I grew up with lots of pets, we made them a part of our family – even celebrating the dogs’ birthdays with cakes made in my Easy Bake Oven! So it shouldn’t be any surprise that after our latest chicken drama, I came up with some treat ideas for our flock to cut down on boredom.
The flock block I got the girls was a big hit – after they got over being afraid of it of course. They had it pecked to crumbles in a matter of days, then in a few more days the crumbles were gone. They were so obsessed with the block – they weren’t eating it as they pecked. They were determined to reduce it to nothing once they realized their pecking wore away at the big block. I loved the block because it meant I didn’t need to remember to give them enough scratch each day.
We’re reaching the bottom of our first 50lb sack of scratch, so I decided to start weighing our options. Buy another bag, or keep getting flock blocks? Cost wise, we should buy another bag – it’s cheaper and lasted us about eight months. The flock block lasted only a week, but it definitely gave the girls entertainment. Thriftiness won out, and I decided just to get another bag of scratch… but then a light turned on while browsing Pinterest. I came across bird seed ornaments! I could make those with scratch – even better, I could make my own scratch block!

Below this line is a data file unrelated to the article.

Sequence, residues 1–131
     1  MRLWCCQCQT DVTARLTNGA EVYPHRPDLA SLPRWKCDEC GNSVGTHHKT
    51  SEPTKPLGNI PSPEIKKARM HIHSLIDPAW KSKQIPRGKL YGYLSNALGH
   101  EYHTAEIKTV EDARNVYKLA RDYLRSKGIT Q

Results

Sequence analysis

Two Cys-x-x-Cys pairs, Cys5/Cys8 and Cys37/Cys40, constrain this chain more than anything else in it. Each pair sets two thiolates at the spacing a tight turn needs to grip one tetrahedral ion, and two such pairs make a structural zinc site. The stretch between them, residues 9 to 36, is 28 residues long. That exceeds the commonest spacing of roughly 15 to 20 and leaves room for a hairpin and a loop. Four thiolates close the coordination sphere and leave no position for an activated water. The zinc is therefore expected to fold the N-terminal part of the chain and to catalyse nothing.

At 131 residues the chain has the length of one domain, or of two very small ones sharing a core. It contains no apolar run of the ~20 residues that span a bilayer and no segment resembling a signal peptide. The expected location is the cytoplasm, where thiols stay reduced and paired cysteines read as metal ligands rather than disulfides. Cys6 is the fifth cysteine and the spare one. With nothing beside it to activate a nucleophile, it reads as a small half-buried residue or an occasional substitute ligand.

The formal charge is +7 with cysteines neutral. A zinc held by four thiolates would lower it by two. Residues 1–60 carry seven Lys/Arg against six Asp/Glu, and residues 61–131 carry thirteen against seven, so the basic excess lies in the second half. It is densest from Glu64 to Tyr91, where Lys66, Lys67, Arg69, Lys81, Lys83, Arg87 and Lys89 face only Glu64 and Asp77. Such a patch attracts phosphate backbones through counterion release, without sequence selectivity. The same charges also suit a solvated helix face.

After some research and posting over at BYC… I came up with a game plan and made my purchases. I used this silicone mini loaf pan to make my mini flock blocks, and unflavored gelatin — mix with the scratch, and you’re good to go! Easy peasy!
If you have a larger flock – you could use larger pans. I would stay away from being tempted to hang the scratch cakes like bird seed ornaments – chickens are notorious for getting themselves into trouble, and I’ve heard many a story about chickens eating twine or getting caught up in it. You could use a large metal chain instead of twine or rope, like with parrot toys, that would be mostly chicken proof!
My plan is to give the girls two mini-loaf blocks every few days, however often it takes for them to eat up all the scratch while still not being too much for their diet. When I gave the girls the first two blocks this morning, they went nuts! The blocks were pecked to bits by the afternoon! I guess I do need to invest in some larger pans, maybe even this silicone bunt pan, or give them a block in the morning and a block in the afternoon.
These blocks will be a great project to do with the kids — make a large batch with multiple pans and stock up! Just be careful to only give the chickens their regular allotment, and to not let the blocks get wet — they’ll come apart.